5. The only contention, urged in the revision-petition, was that the learned District Judge had acted, in the exercise of his jurisdiction, with material irregularity, in coming to the conclusion that the respondent had not taken forcible possession of the land and was in possession as a tenant upto Rabbi 1961, inasmuch as he had excluded from consideration the entries in the Khasra Girdawari, showing the respondent in forcible possession of the land, on the erroneous ground that, as the Patwari who had prepared the Khasra Girdawari, was not produced, the Khasra Girdawari was inadmissible in evidence It is, no doubt, true that, the view of the learned District Judge that the entries in the Khasra Girdawari could not be read as evidence, unless the Patwari, who had prepared it was produced, is erroneous The Khasra Girdawari is a public document, within the meaning of section 35, Evidence Act and entries, contained therein, may be properly proved by the production of a certified copy there of, vide Mohammed Din v. Fateh Din. AIR 1934 Lah 698. To make the entries admissible, it is not obligatory to produce the Patwari who had prepared the Khasra Girdawari. The entries of the Khasra Girdawari, filed in the instant case, were admissible, though the Patwari, making those entries was not produced. The respondent's possession of the land was recorded as forcible for Rabbi, 1961, in the Khasra Girdawari

It is well settled that the entries in the Khasra Girdawari do not carry any presumption of truth under Section 45, Himachal Pradesh Land Revenue Act, as the Khasra Girdawari is neither a record-of-rights nor an annual record. Such entries merely constitute a piece of evidence but not a presumptive piece of evidence. The entries in the Khasra Girdawari, in the present case, stood contradicted and falsified, by the evidence, adduced by the respondent Kishori Lal D. W 2, who was Inspector, Consolidation, and had delivered possession of the land allotted to the petitioner, categorically, stated, that the petitioner was put into possession of the land, in suit, on the 5th June, 1961 and that prior to that date, the respondent was in possession of the land. Udho Dass D. W. 3 stated that the land, in suit, which was evacuee property, was, at first, allotted to his son-in-law, Kesar Chand, and that as the latter was in service he was looking after the land and had leased it out to the respondent. Udho Dass, further, stated that the respondent had been in possession of the land as a tenant and had been paying rent to him.

The evidence of Kishori Lal D. W. 2 and Udho Dass D. W 3, who were disinterested witnesses, clearly established that the respondent was in possession of the land as a tenant upto Rabbi 1901 and had not taken forcible possession. This evidence falsified the entries in the Khasra Girdawari. showing the respondent as in forcible possession of the land in Rabbi 1961. It is significant to note that the petitioner did not produce any evidence, excepting the aforesaid entries from the Khasra Girdawari, to prove that the respondent had taken forcible possession. Further, there is nothing on the record to show that the petitioner was in possession of the land, in suit, prior to 5th June, 1961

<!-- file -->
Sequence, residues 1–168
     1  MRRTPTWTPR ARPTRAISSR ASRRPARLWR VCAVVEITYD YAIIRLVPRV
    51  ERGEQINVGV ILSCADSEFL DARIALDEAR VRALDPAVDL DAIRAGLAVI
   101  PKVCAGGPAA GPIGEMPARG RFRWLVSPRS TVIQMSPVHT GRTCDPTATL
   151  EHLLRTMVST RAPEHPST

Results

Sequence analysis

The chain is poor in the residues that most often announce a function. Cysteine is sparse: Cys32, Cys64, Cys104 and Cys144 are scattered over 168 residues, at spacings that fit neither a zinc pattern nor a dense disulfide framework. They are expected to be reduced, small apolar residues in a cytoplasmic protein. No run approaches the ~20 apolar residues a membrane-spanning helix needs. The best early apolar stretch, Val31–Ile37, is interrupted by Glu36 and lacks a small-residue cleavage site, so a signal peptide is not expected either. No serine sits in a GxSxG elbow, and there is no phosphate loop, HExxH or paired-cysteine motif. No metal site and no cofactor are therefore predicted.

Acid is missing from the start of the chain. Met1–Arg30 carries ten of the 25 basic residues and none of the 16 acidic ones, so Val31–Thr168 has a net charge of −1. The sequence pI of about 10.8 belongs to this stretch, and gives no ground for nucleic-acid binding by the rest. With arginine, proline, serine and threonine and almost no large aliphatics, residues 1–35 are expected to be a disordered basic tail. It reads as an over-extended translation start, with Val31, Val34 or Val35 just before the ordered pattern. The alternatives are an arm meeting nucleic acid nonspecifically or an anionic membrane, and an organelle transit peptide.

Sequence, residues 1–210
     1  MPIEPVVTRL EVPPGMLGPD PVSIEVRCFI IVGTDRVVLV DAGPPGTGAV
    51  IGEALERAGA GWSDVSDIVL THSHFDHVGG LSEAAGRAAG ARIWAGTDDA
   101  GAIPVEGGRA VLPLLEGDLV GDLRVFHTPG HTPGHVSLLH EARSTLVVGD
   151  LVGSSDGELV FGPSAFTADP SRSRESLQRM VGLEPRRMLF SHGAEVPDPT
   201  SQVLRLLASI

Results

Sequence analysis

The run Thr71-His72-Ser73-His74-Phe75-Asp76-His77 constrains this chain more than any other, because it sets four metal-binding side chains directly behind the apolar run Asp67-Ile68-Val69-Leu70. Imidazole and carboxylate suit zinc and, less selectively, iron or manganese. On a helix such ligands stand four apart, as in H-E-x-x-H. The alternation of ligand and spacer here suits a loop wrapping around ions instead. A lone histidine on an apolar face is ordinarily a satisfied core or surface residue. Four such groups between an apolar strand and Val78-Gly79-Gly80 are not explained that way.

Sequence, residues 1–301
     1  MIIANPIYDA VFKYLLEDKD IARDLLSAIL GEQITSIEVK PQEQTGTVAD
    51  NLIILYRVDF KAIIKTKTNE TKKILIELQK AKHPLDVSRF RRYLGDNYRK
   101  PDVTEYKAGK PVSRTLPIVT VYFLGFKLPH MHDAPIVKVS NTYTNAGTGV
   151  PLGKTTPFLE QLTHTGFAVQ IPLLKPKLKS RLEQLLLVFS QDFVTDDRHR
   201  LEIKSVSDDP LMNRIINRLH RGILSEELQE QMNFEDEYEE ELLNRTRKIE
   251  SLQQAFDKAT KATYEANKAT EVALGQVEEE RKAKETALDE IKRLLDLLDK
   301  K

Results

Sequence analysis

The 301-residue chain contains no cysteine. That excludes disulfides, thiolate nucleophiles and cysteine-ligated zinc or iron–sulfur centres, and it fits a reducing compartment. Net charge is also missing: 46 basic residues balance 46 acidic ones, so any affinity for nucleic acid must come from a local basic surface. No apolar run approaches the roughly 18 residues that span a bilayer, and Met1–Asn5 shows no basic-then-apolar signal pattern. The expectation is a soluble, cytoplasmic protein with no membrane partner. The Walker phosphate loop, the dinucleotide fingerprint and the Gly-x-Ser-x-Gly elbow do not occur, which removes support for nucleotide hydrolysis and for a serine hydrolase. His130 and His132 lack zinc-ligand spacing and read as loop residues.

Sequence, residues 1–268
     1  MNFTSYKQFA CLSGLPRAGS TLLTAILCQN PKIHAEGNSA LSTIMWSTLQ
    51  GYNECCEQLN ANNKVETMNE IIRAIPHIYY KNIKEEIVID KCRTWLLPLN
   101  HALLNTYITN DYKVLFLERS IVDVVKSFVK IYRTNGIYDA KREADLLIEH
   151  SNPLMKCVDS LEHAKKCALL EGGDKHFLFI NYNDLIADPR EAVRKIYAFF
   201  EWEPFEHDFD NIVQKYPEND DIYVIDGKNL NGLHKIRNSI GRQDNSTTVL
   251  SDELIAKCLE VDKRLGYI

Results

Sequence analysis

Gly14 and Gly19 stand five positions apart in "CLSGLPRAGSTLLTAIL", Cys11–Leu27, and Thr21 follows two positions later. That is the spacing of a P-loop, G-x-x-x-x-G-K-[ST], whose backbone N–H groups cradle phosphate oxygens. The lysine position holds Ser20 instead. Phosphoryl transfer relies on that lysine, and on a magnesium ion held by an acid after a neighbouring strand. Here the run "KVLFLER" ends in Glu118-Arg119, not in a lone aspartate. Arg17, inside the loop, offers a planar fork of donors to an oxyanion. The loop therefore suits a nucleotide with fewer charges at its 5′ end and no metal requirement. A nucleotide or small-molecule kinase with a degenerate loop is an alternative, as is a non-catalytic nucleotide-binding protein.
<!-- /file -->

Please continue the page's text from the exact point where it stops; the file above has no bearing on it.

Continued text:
6. It is clear, from the above discussion, that though the learned District Judge erred in excluding, from evidence, the entries, from the Khasra Girdawari, yet this excluding did not affect the case on merits. His finding that the respondent was in lawful possession of the land, as a tenant, upto Rabbi, 1961 and was entitled to harvest that crop is supported, by evidence, on record The learned District Judge therefore, cannot be said to have acted, in the exercise of his jurisdiction, with any material irregularity, in coming to the conclusion that the respondent was a tenant of the land upto Rabbi 1961. Further, as was observed in Lalla Ram v. Naresh Chand, AIR 1952 Him Pra and Bilaspur 28:

'The arriving at a conclusion or decision is a mental operation and the Court cannot be said to be acting in so coming to a conclusion or decision on a question of law or of fact; and so far as arriving at a conclusion or decision is concerned, whether the lower appellate Court decides the questions rightly or wrongly it has jurisdiction to do so and even if it decides wrongly it cannot be said to have acted with material irregularity in the exercise of its jurisdiction. '

So, even if it be assumed that the learned District Judge decided wrongly that the respondent was in lawful possession of the land in Rabbi, 1961, even then he cannot be said to have acted with material irregularity in the exercise of his jurisdiction.

7. It is to be noted that both the Courts below have held that the respondent was in lawful possession of the land, in suit, as a tenant, upto Rabbi 1961, and was entitled to harvest that crop Sitting as a Court of Revision, this Court will not be justified in going behind the aforesaid concurrent finding of fact, vide Mohan Singh v. Deota Ji Bharmol, AIR 1966 Him Pra 22

8. For the reasons, stated above, the revision-petition is dismissed with costs